When writing this, I was sitting in the window of a cafe in downtown Kyoto, listening to the rain pouring down on the awning above me, seeing people, some wearing kimonos, some western clothing, walk by with their umbrellas. It was very peaceful and much needed after my switching hotels a little while ago and walking a mile carrying the behemoth in the rain…
I’ve checked into a capsule hotel, essentially a hostel with a Japanese twist. Each bed is a little cubbyhole – you go in, feet facing the curtained door. I am actually looking forward to cozying up in there – it’s been a great visit to Japan so far, but I’ve woken up at 6 or 7 every day regardless of when I’ve gone to bed or how much walking I’ve done. My feet hurt! This cafe was just what I was looking for – in the area around the train station, all I could find was Starbucks.
In fact, I’ve had a pretty low-key day. I managed to get my talkatone app to accept an incoming call from the US to my Google Voice number for free, so that was good. And I went downtown to experience a tea ceremony. The place I went seems to be five or six floors dedicated to tea: a shop on the ground floor, banquet rooms on a couple of floors, and a little tea room set up on another floor to show visitors the proper ceremony.
First you wash with a dipper of water, both hands an mouth, before entering the tea house through a tiny door essentially from a crouched position outside onto that posture where you are sitting on your calves, kneeling in a very Japanese way. (Luckily my tea house hostess told me I could sit cross-legged for most of the ceremony. The proper kneeling posture is really tough to maintain! I wonder whether the Japanese just get used to it from repetition?)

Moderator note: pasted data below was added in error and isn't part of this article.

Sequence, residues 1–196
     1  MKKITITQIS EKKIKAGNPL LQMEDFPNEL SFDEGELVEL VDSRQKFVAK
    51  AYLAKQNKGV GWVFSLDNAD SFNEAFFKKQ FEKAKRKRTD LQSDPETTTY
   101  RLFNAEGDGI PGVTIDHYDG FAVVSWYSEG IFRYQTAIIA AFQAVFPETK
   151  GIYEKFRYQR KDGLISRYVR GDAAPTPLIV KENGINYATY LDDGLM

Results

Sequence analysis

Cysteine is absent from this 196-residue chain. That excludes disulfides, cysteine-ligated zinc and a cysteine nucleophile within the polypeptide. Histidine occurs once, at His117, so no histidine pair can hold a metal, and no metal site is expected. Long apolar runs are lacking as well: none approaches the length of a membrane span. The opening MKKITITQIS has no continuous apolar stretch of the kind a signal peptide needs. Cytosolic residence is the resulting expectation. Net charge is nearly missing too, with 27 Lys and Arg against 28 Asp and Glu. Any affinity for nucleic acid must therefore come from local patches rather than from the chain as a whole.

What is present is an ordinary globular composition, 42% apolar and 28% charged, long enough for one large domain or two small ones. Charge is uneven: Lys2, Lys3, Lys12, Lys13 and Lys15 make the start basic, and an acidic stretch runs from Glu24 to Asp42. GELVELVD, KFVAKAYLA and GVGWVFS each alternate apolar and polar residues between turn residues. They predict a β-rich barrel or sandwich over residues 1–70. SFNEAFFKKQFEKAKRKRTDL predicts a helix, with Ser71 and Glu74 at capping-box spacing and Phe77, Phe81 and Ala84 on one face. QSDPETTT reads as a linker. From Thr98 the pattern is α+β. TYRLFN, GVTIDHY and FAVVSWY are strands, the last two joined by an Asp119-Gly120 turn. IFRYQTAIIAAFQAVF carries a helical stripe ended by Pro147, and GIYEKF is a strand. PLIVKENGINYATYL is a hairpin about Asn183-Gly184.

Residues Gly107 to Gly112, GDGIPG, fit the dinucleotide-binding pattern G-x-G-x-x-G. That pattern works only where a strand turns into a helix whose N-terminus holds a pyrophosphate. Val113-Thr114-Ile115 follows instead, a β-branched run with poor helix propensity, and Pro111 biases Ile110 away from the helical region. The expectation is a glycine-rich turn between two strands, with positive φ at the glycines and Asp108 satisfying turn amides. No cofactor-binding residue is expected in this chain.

The hostess then brought out a sweet called a cherry blossom (Sakkara). After a few more steps in the ceremony, I got to eat the sweet, then watch as my hostess made matcha. After I’d had a chance to drink it, I got to make it myself.
Overall, I’m really glad I got to experience a tea ceremony before leaving Kyoto. It was on my must-do list, and it made more sense to do so in Kyoto than in Tokyo. And for you science nerds out there, I geeked out when I saw a sign for the enzyme company Takara on my way back to the hotel.